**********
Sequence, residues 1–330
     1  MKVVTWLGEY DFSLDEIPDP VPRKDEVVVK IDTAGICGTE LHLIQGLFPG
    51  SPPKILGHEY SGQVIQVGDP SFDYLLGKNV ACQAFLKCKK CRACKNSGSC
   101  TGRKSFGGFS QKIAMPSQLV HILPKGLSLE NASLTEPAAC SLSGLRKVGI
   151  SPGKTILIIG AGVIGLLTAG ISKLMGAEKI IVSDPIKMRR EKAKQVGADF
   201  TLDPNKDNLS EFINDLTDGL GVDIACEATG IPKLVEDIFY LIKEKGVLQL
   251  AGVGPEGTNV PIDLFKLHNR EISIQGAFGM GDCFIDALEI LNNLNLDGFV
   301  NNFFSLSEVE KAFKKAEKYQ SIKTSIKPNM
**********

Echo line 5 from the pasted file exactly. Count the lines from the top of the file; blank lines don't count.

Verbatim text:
   151  SPGKTILIIG AGVIGLLTAG ISKLMGAEKI IVSDPIKMRR EKAKQVGADF